High-heel wearing should not be forced, study says

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Media captionCommuting to work in high heels – is it worth the hassle?

More needs to be done to stop women being forced to wear high heels at work, Aberdeen researchers have said.

Calls to introduce a law banning companies from telling women to wear high heels at work were rejected by the government in April.

The issue was debated after one woman who was sent home for wearing flat shoes set up a petition.

The University of Aberdeen researchers recommended further investigation into the issue.

The review examined research into the physical damage and injury that can be caused, as well as the social and cultural aspects surrounding the wearing of high heels.

It found large amounts of studies showed a link between wearing high heels and an increased risk of bunions, pain and injury.

However, it found a lack of clear evidence of an association between high heel wear and osteoarthritis.

Risks and benefits

The authors drew a distinction between the UK – where the government has pledged to develop guidelines and raise awareness that female workers should not be forced to wear high heels without introducing new legislation – and the Canadian province of British Columbia, which has amended legislation to now prohibit employers from requiring staff to wear high heels.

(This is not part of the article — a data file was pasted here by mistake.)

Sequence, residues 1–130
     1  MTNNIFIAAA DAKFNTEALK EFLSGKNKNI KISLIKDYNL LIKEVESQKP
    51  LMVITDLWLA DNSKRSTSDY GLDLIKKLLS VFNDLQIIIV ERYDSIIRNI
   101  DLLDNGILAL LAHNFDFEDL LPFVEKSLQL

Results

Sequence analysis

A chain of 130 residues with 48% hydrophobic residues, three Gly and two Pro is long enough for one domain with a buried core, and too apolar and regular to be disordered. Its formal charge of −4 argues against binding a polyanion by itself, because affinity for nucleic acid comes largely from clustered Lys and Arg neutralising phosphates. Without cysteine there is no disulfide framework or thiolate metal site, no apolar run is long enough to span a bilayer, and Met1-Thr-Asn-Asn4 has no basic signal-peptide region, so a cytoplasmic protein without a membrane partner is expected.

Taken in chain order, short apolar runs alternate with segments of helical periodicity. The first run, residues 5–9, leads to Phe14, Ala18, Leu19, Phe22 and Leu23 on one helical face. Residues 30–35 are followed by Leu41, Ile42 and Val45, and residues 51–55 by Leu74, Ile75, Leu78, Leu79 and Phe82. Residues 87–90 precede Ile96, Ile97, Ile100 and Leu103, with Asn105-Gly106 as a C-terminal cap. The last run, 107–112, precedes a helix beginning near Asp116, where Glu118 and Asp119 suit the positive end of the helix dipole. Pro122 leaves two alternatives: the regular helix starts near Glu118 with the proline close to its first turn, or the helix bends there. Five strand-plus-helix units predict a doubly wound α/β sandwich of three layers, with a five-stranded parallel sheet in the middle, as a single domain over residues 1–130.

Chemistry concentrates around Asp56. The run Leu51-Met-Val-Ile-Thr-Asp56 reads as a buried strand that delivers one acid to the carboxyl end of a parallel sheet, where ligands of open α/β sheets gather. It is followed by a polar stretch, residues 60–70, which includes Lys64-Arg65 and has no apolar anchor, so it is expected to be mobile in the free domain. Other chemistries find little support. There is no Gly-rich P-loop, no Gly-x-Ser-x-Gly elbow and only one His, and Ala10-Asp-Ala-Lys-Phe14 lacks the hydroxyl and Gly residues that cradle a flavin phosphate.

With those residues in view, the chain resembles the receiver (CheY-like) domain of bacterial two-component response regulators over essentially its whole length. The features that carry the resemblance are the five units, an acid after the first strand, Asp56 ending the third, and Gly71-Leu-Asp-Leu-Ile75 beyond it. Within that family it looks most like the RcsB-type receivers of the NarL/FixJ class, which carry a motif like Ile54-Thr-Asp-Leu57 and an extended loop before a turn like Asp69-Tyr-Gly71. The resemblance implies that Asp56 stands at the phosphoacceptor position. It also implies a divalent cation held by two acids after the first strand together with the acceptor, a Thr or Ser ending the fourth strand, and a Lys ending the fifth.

Dr Max Barnish, who led the research, said: “From our review it is clear that despite the huge amount of evidence showing heels are bad for individuals’ health, there are complex social and cultural reasons that make high-heel wearing attractive.”

Dr Heather Morgan, a lecturer at the University of Aberdeen, added: “Of course we are not trying to tell anyone that they should or shouldn’t wear high heels but we hope this review will inform wearers to help them weigh up the health risks with social benefits.”

She added that it was hoped the review would “put pressure on law makers to toughen up legislation so that no-one is forced against their will to wear them in the workplace or in licensed public social venues”.